I am facing an interesting problem: I have a signal in the time domain. In order to avoid discontinuities at the edges of the signal --- which would lead to artifacts when calculating the FFT --- I apply a window function, like e.g. hann or hamming. Then I perform the FFT of this windowed signal.

To preserve the energy of the signal after the FFT, I calibrate the FFT of the windowed signal with the RMS of the window function. However, the strange thing is that the energy (=area under the curve) of the windowed signal in the frequency domain is substantially different (about a factor of 2) compared to the FFT of the unwindowed signal.

Do you have an idea where this issue could originate from?

Thanks a lot in advance!

  • $\begingroup$ Do you apply overlap-add? $\endgroup$
    – ZR Han
    Apr 9, 2021 at 1:04
  • $\begingroup$ No not yet - what do you mean by the overlap-add and would this help here? $\endgroup$ Apr 9, 2021 at 7:50
  • $\begingroup$ Are you processing the signal frame by frame? If yes, then you should apply overlap-add and not calibrate with RMS of the window function. See here $\endgroup$
    – ZR Han
    Apr 9, 2021 at 9:14
  • $\begingroup$ No it is not processed frame by frame - I take the FFT of the complete trace, i.e. the calculation is something like fft(signal * windowfunction)/rms(windowfunction) $\endgroup$ Apr 9, 2021 at 9:32

2 Answers 2


So you think that the energy of the windowed signal in the frequency domain equals to the original signal multiplied by a certain value related to RMS of the window function, which is wrong. According to Parseval's theorem, the total energy of a signal can be calculated by summing power-per-sample across time or spectral power across frequency:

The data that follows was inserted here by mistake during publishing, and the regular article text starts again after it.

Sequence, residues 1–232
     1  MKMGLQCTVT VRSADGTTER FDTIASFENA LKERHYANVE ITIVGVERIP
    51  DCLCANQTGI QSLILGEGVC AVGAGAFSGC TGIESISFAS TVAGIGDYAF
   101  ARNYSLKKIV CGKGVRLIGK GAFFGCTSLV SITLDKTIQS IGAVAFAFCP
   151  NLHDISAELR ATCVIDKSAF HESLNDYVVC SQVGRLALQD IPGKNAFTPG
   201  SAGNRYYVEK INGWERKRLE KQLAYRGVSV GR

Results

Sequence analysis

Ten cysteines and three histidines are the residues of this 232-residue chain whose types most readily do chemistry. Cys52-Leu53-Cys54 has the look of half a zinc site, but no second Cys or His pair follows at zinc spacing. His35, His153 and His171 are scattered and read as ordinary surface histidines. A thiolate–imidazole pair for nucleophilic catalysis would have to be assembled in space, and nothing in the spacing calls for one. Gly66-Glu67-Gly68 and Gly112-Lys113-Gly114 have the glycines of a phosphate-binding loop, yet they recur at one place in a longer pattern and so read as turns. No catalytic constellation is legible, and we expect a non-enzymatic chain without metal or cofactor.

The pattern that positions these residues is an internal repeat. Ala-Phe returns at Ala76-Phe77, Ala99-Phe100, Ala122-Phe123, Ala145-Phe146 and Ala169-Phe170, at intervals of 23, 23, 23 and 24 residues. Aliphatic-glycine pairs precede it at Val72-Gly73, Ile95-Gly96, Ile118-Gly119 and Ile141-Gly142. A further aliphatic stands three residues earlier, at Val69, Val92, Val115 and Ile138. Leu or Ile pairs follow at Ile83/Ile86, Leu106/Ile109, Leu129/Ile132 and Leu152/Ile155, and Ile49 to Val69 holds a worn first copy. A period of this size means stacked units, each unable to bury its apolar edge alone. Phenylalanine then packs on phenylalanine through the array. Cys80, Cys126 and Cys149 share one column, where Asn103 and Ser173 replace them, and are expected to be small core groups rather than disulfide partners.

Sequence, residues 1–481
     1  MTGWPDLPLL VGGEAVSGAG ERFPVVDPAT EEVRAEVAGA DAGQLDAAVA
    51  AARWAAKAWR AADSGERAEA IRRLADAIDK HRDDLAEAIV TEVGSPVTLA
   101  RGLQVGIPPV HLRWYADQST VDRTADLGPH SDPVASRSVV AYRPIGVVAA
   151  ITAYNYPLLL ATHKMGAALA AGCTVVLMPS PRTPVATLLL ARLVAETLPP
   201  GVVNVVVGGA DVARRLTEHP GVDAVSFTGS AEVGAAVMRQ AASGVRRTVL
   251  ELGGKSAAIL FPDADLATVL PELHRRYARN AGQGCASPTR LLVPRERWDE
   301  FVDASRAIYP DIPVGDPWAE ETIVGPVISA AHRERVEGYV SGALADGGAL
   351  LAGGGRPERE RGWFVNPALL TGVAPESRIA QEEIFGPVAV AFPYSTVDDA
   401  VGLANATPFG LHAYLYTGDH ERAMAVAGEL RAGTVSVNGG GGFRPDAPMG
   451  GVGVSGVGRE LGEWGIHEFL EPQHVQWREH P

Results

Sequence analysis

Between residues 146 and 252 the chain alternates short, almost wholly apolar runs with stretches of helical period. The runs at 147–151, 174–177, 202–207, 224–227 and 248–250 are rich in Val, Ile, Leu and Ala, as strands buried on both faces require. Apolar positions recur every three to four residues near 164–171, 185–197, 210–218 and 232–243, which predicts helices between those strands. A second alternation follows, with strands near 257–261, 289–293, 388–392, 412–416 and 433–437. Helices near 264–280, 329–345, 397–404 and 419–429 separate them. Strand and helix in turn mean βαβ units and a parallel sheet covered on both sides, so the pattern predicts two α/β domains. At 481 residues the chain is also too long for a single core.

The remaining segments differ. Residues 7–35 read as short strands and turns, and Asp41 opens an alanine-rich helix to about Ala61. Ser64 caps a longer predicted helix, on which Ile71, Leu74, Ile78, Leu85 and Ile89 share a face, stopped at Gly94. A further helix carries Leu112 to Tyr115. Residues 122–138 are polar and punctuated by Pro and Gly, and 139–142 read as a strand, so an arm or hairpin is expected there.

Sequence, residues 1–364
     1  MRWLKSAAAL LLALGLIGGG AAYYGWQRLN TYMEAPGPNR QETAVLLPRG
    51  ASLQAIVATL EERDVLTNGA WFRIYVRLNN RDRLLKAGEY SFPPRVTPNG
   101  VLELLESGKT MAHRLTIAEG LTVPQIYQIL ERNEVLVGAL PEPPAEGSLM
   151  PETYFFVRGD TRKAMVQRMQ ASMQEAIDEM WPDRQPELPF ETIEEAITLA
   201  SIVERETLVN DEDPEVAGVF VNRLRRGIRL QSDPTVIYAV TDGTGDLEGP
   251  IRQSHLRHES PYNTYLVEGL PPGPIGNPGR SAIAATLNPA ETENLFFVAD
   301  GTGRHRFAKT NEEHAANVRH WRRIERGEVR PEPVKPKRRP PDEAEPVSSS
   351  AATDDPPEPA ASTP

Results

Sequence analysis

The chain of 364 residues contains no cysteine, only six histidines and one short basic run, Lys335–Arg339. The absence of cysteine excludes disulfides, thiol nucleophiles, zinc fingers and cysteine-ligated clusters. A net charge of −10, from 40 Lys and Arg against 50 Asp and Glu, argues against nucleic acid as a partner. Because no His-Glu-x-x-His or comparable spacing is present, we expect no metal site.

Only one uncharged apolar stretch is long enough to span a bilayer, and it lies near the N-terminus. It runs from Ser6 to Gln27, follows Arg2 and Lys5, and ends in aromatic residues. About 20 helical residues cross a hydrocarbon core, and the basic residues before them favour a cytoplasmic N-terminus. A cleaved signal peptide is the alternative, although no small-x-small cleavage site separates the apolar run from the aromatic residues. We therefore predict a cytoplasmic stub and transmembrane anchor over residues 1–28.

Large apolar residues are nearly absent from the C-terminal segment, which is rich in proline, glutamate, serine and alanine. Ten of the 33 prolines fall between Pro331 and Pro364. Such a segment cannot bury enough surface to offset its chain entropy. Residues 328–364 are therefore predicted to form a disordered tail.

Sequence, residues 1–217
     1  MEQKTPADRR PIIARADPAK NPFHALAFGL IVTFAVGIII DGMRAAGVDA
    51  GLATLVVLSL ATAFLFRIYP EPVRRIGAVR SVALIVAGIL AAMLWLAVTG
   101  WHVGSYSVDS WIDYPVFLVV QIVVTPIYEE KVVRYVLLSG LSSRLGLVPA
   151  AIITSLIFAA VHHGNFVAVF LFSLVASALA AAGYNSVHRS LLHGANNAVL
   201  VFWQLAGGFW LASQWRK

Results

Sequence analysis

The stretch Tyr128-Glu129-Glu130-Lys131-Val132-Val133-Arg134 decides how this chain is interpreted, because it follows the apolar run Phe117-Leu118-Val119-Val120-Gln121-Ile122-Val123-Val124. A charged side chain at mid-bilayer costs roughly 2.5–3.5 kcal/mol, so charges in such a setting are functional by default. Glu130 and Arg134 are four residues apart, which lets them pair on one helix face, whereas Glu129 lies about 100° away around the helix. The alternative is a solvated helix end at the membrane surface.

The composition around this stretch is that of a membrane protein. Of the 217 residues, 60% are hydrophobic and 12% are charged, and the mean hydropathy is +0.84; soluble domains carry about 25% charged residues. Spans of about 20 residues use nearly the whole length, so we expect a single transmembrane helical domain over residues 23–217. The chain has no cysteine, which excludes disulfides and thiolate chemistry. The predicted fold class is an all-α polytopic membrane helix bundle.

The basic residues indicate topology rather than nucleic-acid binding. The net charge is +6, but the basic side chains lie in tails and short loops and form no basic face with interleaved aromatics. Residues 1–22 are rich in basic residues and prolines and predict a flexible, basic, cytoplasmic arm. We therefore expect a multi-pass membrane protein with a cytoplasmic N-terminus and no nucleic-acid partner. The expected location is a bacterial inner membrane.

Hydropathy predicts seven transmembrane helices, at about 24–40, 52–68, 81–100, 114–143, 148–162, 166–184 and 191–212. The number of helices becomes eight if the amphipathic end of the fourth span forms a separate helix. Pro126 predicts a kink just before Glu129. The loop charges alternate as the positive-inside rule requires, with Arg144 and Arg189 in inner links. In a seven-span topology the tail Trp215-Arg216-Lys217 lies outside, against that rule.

$$ \sum_{n=0}^{N-1} |x[n]|^2 = \frac{1}{N}\sum_{k=0}^{N-1}|X[k]|^2 $$

Hence I'm going to prove your statement wrong in the time domain.

The energy of a windowed signal $w[n]x[n]$ is

$$ \sum_{n=0}^{N-1} |w[n]x[n]|^2 = \sum_{n=0}^{N-1} |w[n]|^2|x[n]|^2 \neq C\sum_{n=0}^{N-1} |x[n]|^2 $$

where $C$ is a constant. The above inequality holds true as long as the window function $w[n]$ is not a rectangular window.

  • $\begingroup$ Wow that's very interesting - so that shows probably the main problem here. Thank you very much for your help, that's really helpful! I am wondering, however, how one could then calculate e.g. the PSD of a signal in the frequency domain. If I had a periodic signal, I could just calculate the fft of the signal and calculate |fft(signal)|^2. But what if the signal is not periodic so that a window function becomes necessary? Is there a way that still find the correct PSD even if a windowfunction is used for the signal in the time domain? $\endgroup$ Apr 9, 2021 at 11:17
  • $\begingroup$ If $N$ is very large and you make some assumptions about the orthogonality of $w[n]$ to $x[n]$, there is an assumption you can make about $C$. $\endgroup$ Apr 10, 2021 at 13:58

When computing the PSD of a windowed function we must account for the increased width and hence overlap of the main lobe of the windows kernel. A single tone does not span multiple bins and thus the computed RMS level will be accurately determined from the coherent loss of the window, however a signal that has a spectral density that spans multiple bins (such as white noise) will result in an overestimate of the rms level due to this double counting within each bin.

I detail this effect and the computations that can be used to accurately measure the rms signal level from a windowed DFT here in this post:

Find the Equivalent Noise Bandwidth


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